1954 found both of the other competitors for the allocation leaving the battle. First the WOV-WHOM joint venture dropped out on April 26, citing "insurmountable" economic problems in starting a UHF station in New York, followed on May 5 as WNEW, having recently changed ownership, also withdrew its application. Left unopposed, the City of New York was granted the construction permit one week later, on May 12. In its reporting of the grant, the Times anticipated that civic groups opposed to the city being involved in broadcasting would shift their efforts and attempt to block the appropriation for construction of channel 31; those groups, with names such as the "Citizens Budget Committee" and the "Commerce and Industry Association" had been trying to shut down the "costly operation" of the radio operations since the mid-1940s. In announcing the CP issuance, Siegel said the main studio was to be co-located with the radio stations on the 36th floor of the Municipal Building, with additional studios at 500 Fifth Ave. and at the Board of Education's WNYE/91.5 at Brooklyn Technical High School. (The latter ended up being the location of non-commercial WNYE-TV/25 when it went on the air in 1967.)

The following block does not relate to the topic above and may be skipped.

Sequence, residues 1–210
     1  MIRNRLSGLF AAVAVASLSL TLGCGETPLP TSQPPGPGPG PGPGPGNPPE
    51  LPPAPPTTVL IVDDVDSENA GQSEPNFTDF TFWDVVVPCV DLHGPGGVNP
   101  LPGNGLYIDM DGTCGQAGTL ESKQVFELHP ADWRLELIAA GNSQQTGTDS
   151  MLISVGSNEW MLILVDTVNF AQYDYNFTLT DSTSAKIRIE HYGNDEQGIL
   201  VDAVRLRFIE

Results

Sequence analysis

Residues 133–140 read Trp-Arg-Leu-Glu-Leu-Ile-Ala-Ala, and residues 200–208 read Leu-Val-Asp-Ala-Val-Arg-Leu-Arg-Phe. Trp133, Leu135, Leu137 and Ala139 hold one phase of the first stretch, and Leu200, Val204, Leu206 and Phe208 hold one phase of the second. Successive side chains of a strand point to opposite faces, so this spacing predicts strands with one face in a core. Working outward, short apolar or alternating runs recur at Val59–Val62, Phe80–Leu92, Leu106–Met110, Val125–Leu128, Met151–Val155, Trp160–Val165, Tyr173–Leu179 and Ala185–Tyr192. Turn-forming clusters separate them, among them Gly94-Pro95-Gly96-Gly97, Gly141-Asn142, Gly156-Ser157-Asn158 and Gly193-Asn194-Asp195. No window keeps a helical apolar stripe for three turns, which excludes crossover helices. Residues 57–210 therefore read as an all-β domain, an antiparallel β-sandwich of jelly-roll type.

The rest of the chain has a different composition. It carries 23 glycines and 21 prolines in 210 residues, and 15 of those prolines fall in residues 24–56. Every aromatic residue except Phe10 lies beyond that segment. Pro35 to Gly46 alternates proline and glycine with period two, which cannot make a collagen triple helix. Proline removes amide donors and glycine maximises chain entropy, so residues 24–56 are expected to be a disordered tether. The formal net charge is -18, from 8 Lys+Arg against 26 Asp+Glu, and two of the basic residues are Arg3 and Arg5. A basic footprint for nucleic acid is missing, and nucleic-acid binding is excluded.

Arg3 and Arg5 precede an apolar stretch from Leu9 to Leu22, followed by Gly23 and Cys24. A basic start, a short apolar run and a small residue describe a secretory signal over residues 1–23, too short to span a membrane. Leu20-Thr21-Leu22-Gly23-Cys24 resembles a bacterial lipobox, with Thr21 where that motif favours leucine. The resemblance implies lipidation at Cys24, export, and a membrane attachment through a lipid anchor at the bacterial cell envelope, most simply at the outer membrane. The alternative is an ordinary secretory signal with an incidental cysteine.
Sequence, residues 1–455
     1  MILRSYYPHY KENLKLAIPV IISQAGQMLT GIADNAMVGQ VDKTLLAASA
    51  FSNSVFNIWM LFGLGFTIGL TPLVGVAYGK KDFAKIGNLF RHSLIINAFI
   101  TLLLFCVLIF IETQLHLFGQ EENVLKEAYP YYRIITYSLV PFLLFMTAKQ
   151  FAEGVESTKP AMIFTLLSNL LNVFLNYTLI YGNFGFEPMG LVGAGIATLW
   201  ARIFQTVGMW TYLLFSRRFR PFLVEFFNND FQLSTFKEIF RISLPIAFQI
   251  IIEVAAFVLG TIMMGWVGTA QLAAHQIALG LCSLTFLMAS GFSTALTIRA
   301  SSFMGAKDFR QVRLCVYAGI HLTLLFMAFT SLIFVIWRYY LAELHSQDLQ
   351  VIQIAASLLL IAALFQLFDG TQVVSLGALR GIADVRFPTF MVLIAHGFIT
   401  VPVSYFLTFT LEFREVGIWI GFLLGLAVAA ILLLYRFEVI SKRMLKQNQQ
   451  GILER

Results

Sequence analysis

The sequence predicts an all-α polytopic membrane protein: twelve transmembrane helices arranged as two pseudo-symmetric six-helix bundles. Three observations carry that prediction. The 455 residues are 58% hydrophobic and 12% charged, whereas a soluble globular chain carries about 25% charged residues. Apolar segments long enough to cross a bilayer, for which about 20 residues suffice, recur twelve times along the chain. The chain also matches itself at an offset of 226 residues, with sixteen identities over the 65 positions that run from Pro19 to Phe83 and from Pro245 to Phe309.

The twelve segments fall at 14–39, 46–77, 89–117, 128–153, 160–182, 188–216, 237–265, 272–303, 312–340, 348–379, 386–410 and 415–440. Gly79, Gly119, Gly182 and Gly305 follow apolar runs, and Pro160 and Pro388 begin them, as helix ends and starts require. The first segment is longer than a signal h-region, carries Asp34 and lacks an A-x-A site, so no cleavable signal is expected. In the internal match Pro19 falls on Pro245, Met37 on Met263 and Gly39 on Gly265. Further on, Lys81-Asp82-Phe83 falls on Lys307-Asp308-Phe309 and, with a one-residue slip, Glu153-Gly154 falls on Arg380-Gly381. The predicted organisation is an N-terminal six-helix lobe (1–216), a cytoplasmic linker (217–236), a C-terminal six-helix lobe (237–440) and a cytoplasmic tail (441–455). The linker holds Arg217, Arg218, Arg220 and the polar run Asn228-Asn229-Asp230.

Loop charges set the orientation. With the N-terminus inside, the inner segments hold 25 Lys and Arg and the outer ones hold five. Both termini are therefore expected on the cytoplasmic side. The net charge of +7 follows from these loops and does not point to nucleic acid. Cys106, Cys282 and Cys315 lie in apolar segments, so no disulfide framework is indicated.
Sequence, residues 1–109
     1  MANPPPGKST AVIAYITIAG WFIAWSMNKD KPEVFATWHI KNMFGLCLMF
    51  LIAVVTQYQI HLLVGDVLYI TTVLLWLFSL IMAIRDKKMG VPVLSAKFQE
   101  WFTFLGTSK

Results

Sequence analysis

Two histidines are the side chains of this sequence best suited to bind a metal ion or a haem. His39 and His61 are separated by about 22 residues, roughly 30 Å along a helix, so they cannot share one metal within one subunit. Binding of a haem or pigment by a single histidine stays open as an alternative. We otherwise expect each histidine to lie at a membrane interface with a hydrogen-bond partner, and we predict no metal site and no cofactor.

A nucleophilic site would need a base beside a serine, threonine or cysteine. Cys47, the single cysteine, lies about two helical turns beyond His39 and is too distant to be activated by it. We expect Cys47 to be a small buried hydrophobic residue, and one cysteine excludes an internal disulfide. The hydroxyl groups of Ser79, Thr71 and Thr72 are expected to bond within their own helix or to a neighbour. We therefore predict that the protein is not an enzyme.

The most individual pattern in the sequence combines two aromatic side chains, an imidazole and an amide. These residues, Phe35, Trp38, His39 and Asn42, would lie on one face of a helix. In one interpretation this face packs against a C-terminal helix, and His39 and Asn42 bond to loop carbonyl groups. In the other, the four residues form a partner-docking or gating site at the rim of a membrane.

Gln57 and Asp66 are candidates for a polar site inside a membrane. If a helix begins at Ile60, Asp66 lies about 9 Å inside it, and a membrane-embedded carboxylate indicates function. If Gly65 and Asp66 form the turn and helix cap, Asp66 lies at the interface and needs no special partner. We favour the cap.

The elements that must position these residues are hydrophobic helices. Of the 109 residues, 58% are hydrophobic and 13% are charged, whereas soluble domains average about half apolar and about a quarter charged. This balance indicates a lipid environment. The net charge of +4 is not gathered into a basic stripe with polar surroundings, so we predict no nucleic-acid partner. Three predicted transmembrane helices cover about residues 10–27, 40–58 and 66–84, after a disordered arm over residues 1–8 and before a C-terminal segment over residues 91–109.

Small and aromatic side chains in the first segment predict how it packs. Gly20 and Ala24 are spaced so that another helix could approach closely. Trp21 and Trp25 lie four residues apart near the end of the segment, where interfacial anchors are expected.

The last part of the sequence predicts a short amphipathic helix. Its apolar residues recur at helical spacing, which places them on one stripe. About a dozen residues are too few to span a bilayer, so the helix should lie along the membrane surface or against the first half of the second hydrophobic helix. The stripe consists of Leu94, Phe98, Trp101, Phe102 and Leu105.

One year later, Siegel was still fighting for funding to build WNYC-TV. $389,000 was allocated in 1955, but the city's financial situation prevented appropriation of funds and he asked the Planning Commission to renew the allocation for 1956. He had already created a "television film unit" which was producing public service films which aired on the commercial VHF stations in New York, as well as in schools and museums. The New York Daily News had quickly called the channel 31 proposal a "white elephant" in an editorial against same published on May 14, 1954 ... a mere two days after the CP issuance. They said the lack of UHF-capable receivers (which it estimated as 0.5% of all sets in New York City) meant WNYC-TV would "broadcast practically in secret" and also claimed -- unsubstantiated by any of Siegel's announcements -- that channel 31's programming would consist of nothing but "City Hall programs featuring politicians" and that "only a thimbleful of people" would convert to UHF to watch same. Prominent in the editorial was the holier-than-thou statement that "we run a TV station [WPIX-TV/11] and we know what we're talking about."